Carnarvon

Carnarvon is a large and thriving town surrounded by banana plantations and set close to some of Western Australia's most beautiful and unusual coastline. It lies 3.3 m above sea level and experiences an annual average rainfall of only 229 mm. The Carnarvon Shire extends from Hamelin Pool in Shark Bay to Exmouth Station in the Pilbara.

Carnarvon makes an ideal stopover between Monkey Mia and Shark Bay and Coral Bay and Exmouth, the towns closest to the Ningaloo Reef.

Carnarvon is located at the only point on the Australian coastline where the desert reaches out into the sea. Wildflowers abound in season; mulla mullas, starflowers and the Ashburton Pea intermingle with fields of everlastings.

The mouth of the Gascoyne River, on which Carnarvon is built, is actually a 300 km tongue of sand which acts as a huge water storage system. Its flow is visible for around 120 days of the year. For the rest of the years the river flows upside down under the sand.


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Where Is It?

Carnarvon is 983 km north of Perth

Things To See And Do

Carnarvon Heritage Precint

Carnarvon Heritage Precint is a walk down memory lane. Featured on the walk is the Lighthouse Keepers Cottage Museum; the Railway Museum, home of the fully restored Kimberley Steam train; The Shearing Hall of Fame and One Mile Jetty to Babbage Island.


Carnarvon OTC Tracking Station

Sights around Carnarvon Township include the sheep station that became a Carnarvon OTC Tracking Station in the 1960s. The disused tracking station, established by NASA, was part of its worldwide space tracking network between 1964 and 1974. Neil Armstrongs famous words upon landing on the moon in July of 1969 "One small step for man. One giant step for mankind" were made possible by this outback installation.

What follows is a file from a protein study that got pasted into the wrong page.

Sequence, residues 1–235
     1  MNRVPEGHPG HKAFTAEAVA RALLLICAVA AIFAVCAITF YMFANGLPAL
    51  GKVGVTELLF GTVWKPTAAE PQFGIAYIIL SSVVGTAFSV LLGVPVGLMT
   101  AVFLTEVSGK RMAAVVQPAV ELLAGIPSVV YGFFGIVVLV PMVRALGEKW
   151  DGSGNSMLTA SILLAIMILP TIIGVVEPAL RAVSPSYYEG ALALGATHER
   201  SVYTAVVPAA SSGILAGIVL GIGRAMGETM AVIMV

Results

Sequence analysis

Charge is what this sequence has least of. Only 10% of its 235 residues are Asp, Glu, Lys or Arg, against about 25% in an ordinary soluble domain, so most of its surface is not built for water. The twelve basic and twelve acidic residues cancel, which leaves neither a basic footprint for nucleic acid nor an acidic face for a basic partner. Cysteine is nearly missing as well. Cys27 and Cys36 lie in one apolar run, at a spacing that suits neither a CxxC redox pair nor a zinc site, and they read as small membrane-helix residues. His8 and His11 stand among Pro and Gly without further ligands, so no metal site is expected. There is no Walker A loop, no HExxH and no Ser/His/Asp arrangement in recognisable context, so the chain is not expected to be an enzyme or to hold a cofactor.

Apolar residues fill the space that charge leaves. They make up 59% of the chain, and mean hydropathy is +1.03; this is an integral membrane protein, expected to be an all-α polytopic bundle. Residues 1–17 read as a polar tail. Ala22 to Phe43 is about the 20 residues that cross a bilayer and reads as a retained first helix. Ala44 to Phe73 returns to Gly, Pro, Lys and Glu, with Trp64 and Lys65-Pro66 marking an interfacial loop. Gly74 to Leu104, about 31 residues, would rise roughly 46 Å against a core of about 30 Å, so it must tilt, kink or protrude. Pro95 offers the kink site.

The Carnarvon space-tracking station played a vital role in the Apollo Space Missions and was the means through which the world first heard these historic worlds.

Surrounding Area

Point Quobba

Point Quobba Blowholes (70km north) make for an awesome display when powerful jets of water are pushed as high as 20m into the air through holes in the costal rocks. The area is popular with fishers and surfers and small fishing boats are usually moored off the beach. There is a righthand surf break that wraps around the point straight off the beach.


Cape Cuvier

Cape Cuvier (78km north) is a picturesque natural port close to the most westerly point of Australia. Driving along the spectacular rugged coastline you will be able to see the last remnants of the bulk carrier Korean Star that ran aground and broke up following a cyclone in the area in 1988. From high up on the sixty metre cliff, in the winter months, you can see whales and sharks pass by feeding on the schools of fish. Salt is stockpiled and a wharf provides mooring for bulk carriers, but this is all off limits to the public.


Steep Point

Steep Point, the most westerly point of mainland Australia, is reputed to be one of the finest land based game fishing locations on the planet. The narrow barred Spanish Mackerel is the most popular sought after species from the rocks. The Zuytdorp Cliffs, that begin at Kalbarri to the South and end at Steep Point, make for some of the most awesome scenery you will ever lay your eyes on. These cliffs range from sea level to 170 metre's high. It was on these cliffs that the Dutch trading vessel Zuytsorp came to grief in 1712.

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